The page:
Bottom Line: First Sign of Activity Rebounding: Regardless of the potential miscategorizations, both the establishment and the household labor surveys for May show evidence that the labor market improved in May, which is sooner than expected.  Presuming the PPP rules are not skewing the reporting, this is the best evidence of a rebound yet seen.  This is a key development as the duration of the economic stoppage is likely to determine the pace of the recovery.  President Trump has scheduled a 9:00 a.m. CT news conference.


Longer Treasury Yields Fall Even as Stocks Lose Luster: Longer Treasury yields moved notably higher Thursday despite the recent rally in global equities running out of steam. The S&P 500 had improved for four consecutive days before Thursday’s 0.3% decline and in eight of the last 10 trading sessions. Optimism about economies reopening and early signs of recovery in global economic data for May had lifted global stocks to their highest levels since mid-March Wednesday. Treasury yields, however, had been constrained to narrow trading ranges by significant outlook uncertainty and low-rate pledges from central banks. Prior to this week’s rise, the 10-year yield traded within its tightest monthly range in May since February 2019.

Yields Broke Higher: But upside momentum for yields has gathered steam this week as recovery hopes lifted investors’ spirits. Longer yields tested the top end of current ranges on Wednesday before breaking out on Thursday. After Wednesday’s 6.1-bp rise, the 10-year Treasury yields jumped 7.8 bps to 0.82%, its highest level since March 26. Germany yields also rose earlier in the day after the ECB expanded its emergency asset purchase program by 600 billion euros, adding to hopes for a European recovery while reiterating a willingness to support even greater amounts of debt-backed stimulus. With the 2-year yield up just 0.4 bps to 0.19%, the spread between the two widened out to 62.5 bps, which, except for two days during the week after the Fed cut rates to zero in March, was the widest since March 2018.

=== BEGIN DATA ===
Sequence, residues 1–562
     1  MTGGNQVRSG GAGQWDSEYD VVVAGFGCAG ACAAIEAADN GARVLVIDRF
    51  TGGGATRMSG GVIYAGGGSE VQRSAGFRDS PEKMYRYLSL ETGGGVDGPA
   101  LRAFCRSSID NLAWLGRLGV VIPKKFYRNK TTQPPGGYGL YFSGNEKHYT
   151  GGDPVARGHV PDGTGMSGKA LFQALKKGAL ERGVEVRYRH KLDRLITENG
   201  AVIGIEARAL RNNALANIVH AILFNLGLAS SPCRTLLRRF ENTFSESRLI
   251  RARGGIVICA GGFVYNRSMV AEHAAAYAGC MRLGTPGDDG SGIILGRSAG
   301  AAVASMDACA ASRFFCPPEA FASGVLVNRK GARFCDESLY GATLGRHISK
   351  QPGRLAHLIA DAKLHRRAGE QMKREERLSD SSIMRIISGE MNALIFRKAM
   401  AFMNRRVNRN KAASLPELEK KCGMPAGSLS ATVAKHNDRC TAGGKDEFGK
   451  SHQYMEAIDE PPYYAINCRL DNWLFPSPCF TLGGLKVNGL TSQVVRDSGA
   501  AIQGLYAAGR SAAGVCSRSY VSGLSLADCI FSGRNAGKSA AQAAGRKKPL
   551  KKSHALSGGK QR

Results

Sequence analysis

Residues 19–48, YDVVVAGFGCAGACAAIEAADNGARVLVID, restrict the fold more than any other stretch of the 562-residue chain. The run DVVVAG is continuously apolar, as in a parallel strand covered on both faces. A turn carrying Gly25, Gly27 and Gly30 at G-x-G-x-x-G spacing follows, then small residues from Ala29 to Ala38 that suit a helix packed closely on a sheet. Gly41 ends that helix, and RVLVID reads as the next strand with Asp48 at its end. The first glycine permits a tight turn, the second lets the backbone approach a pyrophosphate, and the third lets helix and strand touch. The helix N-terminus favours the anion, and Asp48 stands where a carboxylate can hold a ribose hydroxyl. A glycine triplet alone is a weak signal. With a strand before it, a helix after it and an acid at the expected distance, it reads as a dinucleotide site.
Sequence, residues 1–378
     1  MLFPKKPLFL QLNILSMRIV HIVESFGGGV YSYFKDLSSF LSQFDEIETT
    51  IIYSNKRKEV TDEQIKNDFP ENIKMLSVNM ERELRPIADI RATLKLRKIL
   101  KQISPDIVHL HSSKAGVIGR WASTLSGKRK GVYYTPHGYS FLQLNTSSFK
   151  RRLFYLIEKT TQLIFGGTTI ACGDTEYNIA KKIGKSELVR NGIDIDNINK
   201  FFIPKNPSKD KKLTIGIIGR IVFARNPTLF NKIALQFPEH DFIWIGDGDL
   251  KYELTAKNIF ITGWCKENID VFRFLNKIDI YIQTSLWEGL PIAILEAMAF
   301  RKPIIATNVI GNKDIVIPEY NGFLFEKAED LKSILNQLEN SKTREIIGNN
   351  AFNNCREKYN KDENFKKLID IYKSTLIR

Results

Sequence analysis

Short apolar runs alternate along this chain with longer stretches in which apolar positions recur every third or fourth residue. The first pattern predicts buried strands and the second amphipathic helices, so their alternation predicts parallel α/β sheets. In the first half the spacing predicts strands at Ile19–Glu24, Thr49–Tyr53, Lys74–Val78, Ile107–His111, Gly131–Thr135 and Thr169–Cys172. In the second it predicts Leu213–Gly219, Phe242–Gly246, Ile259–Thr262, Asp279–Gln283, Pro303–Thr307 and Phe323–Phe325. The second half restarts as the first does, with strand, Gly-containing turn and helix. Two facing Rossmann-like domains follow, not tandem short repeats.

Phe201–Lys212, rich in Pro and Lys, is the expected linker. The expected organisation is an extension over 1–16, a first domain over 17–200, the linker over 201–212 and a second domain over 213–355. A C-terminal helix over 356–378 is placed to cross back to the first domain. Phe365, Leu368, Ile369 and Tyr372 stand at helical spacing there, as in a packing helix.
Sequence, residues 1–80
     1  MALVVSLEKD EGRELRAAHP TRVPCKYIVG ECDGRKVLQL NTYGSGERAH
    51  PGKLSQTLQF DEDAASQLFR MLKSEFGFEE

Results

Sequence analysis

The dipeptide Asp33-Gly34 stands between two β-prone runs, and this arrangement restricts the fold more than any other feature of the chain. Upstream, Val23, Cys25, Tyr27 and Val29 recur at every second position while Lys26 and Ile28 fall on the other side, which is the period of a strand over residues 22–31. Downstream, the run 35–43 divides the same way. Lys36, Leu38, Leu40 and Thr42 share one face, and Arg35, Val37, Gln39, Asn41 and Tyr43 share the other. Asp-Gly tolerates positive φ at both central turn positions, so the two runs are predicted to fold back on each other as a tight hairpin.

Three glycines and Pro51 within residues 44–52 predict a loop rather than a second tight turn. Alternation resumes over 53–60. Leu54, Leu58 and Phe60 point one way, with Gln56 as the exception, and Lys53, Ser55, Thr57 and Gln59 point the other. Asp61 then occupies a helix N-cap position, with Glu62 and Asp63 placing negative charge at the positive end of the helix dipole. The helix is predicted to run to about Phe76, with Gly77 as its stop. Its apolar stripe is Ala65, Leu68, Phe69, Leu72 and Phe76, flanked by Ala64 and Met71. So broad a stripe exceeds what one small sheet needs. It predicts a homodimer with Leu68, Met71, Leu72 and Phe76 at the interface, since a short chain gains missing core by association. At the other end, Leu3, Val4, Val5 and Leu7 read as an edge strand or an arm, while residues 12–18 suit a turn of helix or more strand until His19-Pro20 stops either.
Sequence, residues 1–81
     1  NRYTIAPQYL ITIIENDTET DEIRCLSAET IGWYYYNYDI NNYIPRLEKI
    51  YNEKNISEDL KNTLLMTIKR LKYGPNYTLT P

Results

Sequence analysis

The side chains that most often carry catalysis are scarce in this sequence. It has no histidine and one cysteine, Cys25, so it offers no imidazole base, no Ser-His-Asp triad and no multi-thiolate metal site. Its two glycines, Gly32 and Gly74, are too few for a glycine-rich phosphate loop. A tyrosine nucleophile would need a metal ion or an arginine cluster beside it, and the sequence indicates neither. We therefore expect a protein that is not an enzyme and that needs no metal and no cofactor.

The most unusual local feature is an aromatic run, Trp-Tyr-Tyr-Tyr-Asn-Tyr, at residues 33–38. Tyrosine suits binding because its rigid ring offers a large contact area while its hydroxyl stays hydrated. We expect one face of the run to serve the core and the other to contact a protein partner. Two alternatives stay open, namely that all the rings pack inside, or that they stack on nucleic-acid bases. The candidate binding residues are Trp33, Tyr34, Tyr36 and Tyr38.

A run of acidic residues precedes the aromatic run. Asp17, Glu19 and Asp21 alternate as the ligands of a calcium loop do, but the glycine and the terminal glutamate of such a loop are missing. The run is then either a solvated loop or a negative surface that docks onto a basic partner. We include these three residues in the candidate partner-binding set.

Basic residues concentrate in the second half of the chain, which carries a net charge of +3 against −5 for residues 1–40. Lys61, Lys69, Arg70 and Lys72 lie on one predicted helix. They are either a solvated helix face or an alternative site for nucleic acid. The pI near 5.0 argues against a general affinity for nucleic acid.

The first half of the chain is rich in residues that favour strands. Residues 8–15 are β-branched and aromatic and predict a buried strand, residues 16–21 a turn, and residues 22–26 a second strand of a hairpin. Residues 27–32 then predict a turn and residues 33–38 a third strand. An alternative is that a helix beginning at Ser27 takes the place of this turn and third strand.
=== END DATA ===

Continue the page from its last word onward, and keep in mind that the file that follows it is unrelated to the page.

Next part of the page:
Rise in Yields Rolls on Ahead of Payroll Report: This week’s long-end-led move up in Treasury yields that has added notable steepness to the curve continued Friday ahead of May’s nonfarm payroll report. Optimism that has boosted equities since March finally led to a breakout in longer yields on Thursday. Just before the payroll data was released, the 10-year yield had added 4.5 bps to 0.87% as the 30-year yield moved up 5.7 bps to 1.69%. The 10-year yield has added 21.8 bps this week while the 30-year yield has risen nearly 28 bps. With shorter yields still locked in by lower-for-longer expectations regarding Fed policy, the spread between the 2-year note and 30-year bond has widened to roughly 150 bps, the steepest curve since August 2017.

Yields Surge Higher after Payrolls Post Surprise Increase: Despite overnight reminders of the historic depth of recession which will make recovery a lengthy and taxing event, global equities had recovered after yesterday’s pause and prior to the update on the U.S. labor market. Retail sales in Singapore sank by a worse-than-expected record 33% in April from a year ago. Consumer confidence in the U.K. fell in May to its lowest level since 2009. German factory orders and industrial production in Spain both dropped by record amounts in April. However, hopes that the worst is in the past lifted stocks across both Asia and Europe and had pushed U.S. futures higher by 0.8%. After the shockingly strong payroll report, yields rocketed higher to push the 2-year yield up 3.2 bps to 0.23% (high since April 13) and the 10-year yield to up 11.0 bps to 0.93% (highest since mid-March). Equity futures doubled their gains to push Dow contracts up 2.5% with those tracking the S&P 500 up 1.7%.